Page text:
Place your plant pot for pollinators in a sunny spot. It’s recommended you also turn it 180 degrees every week to help ensure strong balanced growth. Water regularly and feed fortnightly with a high potash fertiliser such as Phostrogen or Tomorite to encourage plenty of flower production. You will also need to deadhead regularly to help produce a plentiful supply of nectar-
HOW TO PLANT A PATIO POT FOR POLLINATORS PT2
Finally visit www.plantpotsforpollinators.org to put your pot on the map and discover how pollinator friendly your neighbourhood is. We’ve also put together an instructional video with further information and practical advice which you can view below.
INTERESTING FACT! Did you know? If every one of the UK’s 22 million gardens had a plant pot for pollinators, it would create a highway for the threatened insects! Alan Titchmarsh, Butterfly Conservation, May 2016.
FEEDING THE BIRDS THIS SUMMER
The RSPB (Royal Society for the Protection of Birds) and the BTO (British Trust for Ornithology) both recommend that wild birds should be fed throughout the year. However, from April until September, whole peanuts must be fed from wire mesh feeders as the adult birds can only peck at the nuts thus taking small pieces to their young preventing chicks from choking on whole peanuts or large pieces. This is unfortunate, as peanuts are nutritious and attractive to birds, but they can be fed in the form of ‘Peanut Bites’, which are small bite sized pieces of peanut or ‘Flutter Butter’. This is increasingly popular and is a low salt peanut butter specially formulated for birds. It comes in jars for which a hanging holder is available.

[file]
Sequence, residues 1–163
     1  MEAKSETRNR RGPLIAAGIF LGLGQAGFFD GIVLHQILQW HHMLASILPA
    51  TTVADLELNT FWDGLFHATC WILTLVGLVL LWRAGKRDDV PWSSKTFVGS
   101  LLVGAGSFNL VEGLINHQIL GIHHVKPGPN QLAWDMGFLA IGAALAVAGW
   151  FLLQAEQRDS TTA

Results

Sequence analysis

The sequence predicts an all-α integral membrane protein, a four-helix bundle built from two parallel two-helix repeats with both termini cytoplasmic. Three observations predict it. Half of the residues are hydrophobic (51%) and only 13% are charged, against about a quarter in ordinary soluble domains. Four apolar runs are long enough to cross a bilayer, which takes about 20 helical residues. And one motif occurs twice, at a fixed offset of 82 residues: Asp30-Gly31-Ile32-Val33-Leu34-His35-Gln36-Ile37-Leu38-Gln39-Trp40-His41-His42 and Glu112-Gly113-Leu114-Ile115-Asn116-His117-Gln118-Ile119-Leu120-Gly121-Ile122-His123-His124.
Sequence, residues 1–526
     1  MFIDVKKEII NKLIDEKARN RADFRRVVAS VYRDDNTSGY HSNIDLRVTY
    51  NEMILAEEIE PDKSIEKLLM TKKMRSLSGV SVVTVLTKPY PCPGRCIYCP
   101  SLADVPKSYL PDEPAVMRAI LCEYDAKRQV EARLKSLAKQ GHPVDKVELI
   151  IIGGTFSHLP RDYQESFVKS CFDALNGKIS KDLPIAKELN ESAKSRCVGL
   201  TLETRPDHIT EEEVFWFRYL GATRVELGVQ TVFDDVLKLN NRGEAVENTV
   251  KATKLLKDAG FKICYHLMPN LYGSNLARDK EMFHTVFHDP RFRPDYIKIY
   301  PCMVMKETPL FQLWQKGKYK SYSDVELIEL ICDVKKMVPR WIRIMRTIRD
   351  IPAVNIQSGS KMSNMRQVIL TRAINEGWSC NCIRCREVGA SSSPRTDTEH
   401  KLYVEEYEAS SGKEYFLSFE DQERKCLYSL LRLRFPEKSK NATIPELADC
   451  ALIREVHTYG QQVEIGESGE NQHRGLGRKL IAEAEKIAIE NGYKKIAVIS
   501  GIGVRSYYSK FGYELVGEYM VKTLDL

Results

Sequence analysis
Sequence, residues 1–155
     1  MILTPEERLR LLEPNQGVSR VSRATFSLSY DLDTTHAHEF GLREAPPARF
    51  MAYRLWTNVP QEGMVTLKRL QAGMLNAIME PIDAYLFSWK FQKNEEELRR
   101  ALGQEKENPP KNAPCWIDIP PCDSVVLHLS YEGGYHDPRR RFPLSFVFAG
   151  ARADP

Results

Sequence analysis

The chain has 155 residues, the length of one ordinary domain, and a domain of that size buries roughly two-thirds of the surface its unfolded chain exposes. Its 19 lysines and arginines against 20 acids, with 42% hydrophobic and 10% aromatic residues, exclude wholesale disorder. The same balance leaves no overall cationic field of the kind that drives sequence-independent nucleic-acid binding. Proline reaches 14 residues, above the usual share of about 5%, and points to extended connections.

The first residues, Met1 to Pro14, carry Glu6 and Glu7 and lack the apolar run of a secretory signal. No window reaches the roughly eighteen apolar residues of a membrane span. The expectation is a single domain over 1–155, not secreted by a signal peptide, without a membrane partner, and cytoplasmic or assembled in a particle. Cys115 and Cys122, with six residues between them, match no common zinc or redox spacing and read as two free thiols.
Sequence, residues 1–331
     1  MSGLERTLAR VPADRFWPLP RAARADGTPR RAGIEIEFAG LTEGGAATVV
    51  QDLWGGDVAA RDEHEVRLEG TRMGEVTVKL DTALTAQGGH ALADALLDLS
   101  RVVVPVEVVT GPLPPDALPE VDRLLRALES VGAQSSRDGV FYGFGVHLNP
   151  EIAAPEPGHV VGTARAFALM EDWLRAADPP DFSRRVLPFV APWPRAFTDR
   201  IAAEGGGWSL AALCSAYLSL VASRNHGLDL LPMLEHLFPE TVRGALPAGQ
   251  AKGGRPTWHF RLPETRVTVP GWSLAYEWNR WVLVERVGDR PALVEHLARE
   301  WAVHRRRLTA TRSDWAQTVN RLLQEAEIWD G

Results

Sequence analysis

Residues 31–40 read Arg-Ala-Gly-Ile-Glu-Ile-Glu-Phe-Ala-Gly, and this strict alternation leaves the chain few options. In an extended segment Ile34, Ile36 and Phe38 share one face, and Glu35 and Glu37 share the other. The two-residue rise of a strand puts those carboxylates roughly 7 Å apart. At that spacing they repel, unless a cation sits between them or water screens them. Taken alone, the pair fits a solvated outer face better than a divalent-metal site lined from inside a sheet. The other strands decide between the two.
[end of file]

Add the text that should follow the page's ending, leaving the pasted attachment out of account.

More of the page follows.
By popular demand, in addition to our existing range of high quality foods, we have extended our range of Peckish brand foods. These are all enriched with Calvita: this is not a gimmick as it contains nutrients which artificial feeds often lack.
We now stock Peckish Complete in the full range of sizes from 1kg to 12.75kg. The 12.75kg size is the answer if your birds are not "Peckish" but ravenous, and it is extremely good value at £13.99. The only disadvantage for fans of Her Majesty's Revenue & Customs is that this size is zero rated for VAT. This helps to keep the price down, but means that you are not helping to pay for all of the Government's good works! We also stock Daily Goodness Nuggets, which we know from experience are extremely popular with the birds, as well as Nesting & Young Bird Seed Mix, and other feeds for individual types of birds.